A More Dynamic Canon – by Joseph Bravo
In response to my previous essay titled “The Other Canon,” a question arose regarding the deemphasizing of one aesthetic priority in favor of another. Since the advent of Modernism, this has always been the case. Before the Modern era, the Academy wasn’t so much a place of competing aesthetic priorities and ideas, as a place where people who shared a common set of priorities competed for how well they arguably did the same, or least a substantially similar thing.
As I stated in The Other Canon, with the advent of Modernism a cacophony emerged and with it unprecedented competition for supremacy of aesthetic priorities within Western society. But that competition also emerged among a cohort of bourgeois monopolists who predictably created their own monolithic institutions that favored their aesthetic priorities and historical narratives. They established the parameters of the brand of Modernism and the moving target of a progressive avant-garde.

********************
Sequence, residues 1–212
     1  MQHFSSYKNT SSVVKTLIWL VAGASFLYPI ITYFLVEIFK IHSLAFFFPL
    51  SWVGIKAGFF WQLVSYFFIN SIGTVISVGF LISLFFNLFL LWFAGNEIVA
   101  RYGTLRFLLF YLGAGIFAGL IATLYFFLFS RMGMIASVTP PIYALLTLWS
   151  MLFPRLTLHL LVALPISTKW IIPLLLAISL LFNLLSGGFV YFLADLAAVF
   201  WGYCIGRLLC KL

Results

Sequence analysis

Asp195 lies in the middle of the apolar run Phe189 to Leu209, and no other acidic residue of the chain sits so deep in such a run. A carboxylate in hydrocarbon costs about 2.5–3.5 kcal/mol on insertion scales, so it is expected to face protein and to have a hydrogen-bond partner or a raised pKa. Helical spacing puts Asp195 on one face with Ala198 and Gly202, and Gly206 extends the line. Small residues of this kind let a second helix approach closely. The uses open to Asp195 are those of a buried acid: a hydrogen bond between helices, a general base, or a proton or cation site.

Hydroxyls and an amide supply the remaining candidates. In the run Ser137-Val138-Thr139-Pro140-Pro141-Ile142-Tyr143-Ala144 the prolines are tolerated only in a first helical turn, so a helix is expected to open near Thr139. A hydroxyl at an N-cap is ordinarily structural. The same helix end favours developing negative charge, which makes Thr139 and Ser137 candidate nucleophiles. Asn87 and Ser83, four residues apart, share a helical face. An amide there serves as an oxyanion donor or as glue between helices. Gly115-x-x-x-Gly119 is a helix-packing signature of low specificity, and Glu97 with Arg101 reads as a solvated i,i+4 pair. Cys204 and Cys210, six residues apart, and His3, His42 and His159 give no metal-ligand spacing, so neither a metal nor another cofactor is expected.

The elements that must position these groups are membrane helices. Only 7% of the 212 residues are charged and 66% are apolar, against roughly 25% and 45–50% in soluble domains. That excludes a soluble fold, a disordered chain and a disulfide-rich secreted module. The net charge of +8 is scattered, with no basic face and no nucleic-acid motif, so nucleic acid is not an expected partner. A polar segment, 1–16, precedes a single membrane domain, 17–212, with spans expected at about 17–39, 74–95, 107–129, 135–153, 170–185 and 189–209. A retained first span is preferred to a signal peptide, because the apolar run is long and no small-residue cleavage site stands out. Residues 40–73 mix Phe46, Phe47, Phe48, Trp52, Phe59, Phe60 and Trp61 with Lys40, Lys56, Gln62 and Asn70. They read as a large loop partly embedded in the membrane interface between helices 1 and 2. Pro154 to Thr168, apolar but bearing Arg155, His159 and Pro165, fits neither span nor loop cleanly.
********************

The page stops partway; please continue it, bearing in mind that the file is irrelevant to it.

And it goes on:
In the Postwar era the cultural landscape changed. For a time, the Cold War established a context in which the Modernist and avant-garde agenda served a political function in securing the cultural supremacy of Modernism as the official aesthetic of forward-looking liberal capitalism as opposed to an ostensibly backward looking socialist realism. Skilled figurative realism was rebranded by its critics as art of the enemy, either Nazi or Communist. It was dismissed with connotative slanders like “illustrative” or “kitsch” and maligned for its alleged anti-intellectualism and cultural anachronism. Token examples were tolerated so long as their narrative or style was sufficiently transgressive to more conservative tastes. Yet teaching rendering skills largely disappeared from the fine art curriculum and critical theories that would make strong intellectual cases for the continuing cultural relevance of skilled figuration were practically nonexistent. Figurative art theory was essentially an oxymoron. But with the end of the Cold War and the advent of Postmodernism, the underlying political fabric and cultural incentives changed and the Modernist hegemonic agenda came into question.